How Monoclonal Antibodies Are Made

Upon recognizing an antigen, the immune system activates a number of B-cells, each of which produces a distinct antibody and results in a heterogeneous mixture of antibodies. Each antibody has different specificities, i.e. they may recognize different antigens and different epitopes on one antigen. These mixtures are termed polyclonal antibodies. While polyclonal antibodies are very effective in the human body, they have significant limitations for use as therapeutics and diagnostics. What researchers needed was a way to create one highly specific monoclonal antibody that would bind to only one epitope on one antigen.

The breakthrough that enabled the production of monoclonal antibodies was hybridoma technology. This technique starts with the immunization of an animal, almost always a mouse. (It is interesting that a mice share about 98% of the human genome.) The mouse is injected several times with an antigen that is specific to a disease which stimulates the mouse’s B-cells to produce a polyclonal antibody response. Over several weeks, the final cells in the B-cell lineage producing different antibodies (referred to as plasma cells) are allowed to mature. The mouse is sacrificed and the spleen is removed. The various plasma cells can be separated from other cells in the spleen using mechanical and enzymatic stress. Each plasma cell produces a distinct antibody targeted at an epitope on the antigen that was injected.

B-cells or plasma cells have  a short life span in cell culture so it is necessary to extend their life cycle in order to produce large quantities needed for a commercial drug. To overcome this, the plasma cell is fused with a cell line of mutated multiple myeloma cells which can divide indefinitely in a culture (referred to as immortal). A mixture of cell types is formed in the culture of which some are hybrid cells formed by the fusion of an activated plasma cell and a multiple myeloma cell; they are called hybridomas. These hybridoma cells produce a monoclonal antibody that is specific for one epitope on the antigen. These hybridomas are isolated and grown individually and then screened to find those that are most specific.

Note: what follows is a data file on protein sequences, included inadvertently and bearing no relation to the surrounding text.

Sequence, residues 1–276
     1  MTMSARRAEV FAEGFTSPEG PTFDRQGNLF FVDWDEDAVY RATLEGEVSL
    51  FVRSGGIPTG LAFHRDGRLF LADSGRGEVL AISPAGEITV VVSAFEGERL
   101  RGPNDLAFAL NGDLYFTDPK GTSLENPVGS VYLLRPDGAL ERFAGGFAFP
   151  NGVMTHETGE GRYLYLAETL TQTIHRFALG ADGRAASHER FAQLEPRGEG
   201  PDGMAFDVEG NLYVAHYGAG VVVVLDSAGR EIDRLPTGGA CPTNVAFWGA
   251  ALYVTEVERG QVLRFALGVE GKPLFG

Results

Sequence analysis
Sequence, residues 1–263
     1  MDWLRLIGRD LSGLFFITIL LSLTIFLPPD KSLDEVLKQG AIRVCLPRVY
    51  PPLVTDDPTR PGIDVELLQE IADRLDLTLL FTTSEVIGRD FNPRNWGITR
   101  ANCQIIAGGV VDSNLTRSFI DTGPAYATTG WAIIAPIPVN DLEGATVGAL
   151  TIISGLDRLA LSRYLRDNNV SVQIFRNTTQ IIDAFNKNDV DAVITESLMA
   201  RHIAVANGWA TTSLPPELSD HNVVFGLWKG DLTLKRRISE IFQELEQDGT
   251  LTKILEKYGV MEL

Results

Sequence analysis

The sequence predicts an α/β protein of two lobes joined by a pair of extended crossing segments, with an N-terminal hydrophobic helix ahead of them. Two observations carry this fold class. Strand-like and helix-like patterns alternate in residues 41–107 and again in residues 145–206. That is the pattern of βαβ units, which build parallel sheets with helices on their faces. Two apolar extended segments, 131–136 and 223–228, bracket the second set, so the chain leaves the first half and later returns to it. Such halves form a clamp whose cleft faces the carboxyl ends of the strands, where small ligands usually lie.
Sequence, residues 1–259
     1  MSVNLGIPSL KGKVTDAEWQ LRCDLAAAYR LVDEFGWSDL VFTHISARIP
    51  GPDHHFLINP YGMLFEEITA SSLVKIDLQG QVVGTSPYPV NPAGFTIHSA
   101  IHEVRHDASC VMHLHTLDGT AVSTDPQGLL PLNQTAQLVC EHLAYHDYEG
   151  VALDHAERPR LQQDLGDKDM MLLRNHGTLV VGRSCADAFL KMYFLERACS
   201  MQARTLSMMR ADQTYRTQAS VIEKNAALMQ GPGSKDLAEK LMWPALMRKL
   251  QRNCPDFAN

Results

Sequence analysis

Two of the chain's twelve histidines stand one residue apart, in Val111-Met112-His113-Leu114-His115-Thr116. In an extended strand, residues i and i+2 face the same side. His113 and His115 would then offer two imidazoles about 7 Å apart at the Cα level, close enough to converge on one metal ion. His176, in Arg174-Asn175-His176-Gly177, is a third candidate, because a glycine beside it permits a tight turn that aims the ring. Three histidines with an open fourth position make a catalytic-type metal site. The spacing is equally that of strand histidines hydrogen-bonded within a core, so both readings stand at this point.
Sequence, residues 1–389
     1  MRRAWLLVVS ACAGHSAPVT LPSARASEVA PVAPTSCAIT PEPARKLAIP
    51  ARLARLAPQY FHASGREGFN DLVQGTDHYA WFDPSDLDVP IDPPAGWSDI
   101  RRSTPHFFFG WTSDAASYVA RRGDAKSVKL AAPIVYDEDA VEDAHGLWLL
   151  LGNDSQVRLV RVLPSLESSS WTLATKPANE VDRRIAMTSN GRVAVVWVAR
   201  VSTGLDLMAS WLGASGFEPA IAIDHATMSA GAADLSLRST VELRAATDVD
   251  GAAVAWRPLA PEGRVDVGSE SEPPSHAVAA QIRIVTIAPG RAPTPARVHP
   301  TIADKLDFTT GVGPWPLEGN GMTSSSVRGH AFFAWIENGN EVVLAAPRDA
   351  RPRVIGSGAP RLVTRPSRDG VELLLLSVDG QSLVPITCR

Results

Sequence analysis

Monoclonal antibodies produced by mice contain mouse proteins (murine) that are recognized by the human immune system as foreign and can cause an immune reaction. This limits effectiveness and can damage to organs that clear antibodies. In the early days of monoclonal antibodies this was thought to be an insurmountable stumbling block. However, over time genetic engineering of mice used in hybridoma production and manipulation of antibodies they produce has led to the production of humanized antibodies that significantly reduce, but do not completely eliminate the immune reaction.

After all of the engineering is done, the nucleotide sequence coding for the monoclonal antibody is incorporated into a vector as described in the previous section on recombinant DNA technology. As in the case of human insulin, host bacterial or other types of cells are turned into biological factories for producing huge amounts of the monoclonal antibody. I have skipped over the details of humanization and creating host cells that produce the monoclonal antibody. Frankly, the science is just so complex that most of it is over my head.


The production of monoclonal antibodies using hybridomas was based on research by César Milstein and Georges Köhler in 1975 for which they shared the Nobel Prize for Medicine and Physiology in 1984. Building on this technique scientists could engineer specifically targeted monoclonal antibodies. The first monoclonal antibody to be approved by the FDA was in 1986; this was OKT-3 for preventing kidney transplant rejection, which was a murine antibody. In 1988, Greg Winter pioneered the techniques to humanize monoclonal antibodies. This led to an explosion of drug development.

A San Diego company called IDEC was formed in 1985 to develop a monoclonal antibody for treating non-Hodgkin’s lymphoma called Rituxan. This product was approved by the FDA in 1997 and went on to become the first blockbuster monoclonal antibody. Genentech was the company that initially recognized the promise of monoclonal antibodies and really pioneered their development. It formed a collaboration with Idec in 1995 to develop and commercialize Rituxan. Then on its own, it developed the next two blockbuster drugs, which were also oncology drugs. Herceptin was approved by the FDA in 1998 and Avastin in 2004. Slowly at first, other companies recognized the promise of monoclonal antibodies and today they are the driving research and commercial force in the word pharmaceutical industry. Interestingly. Amgen and Biogen were much slower to jump into mAB product development.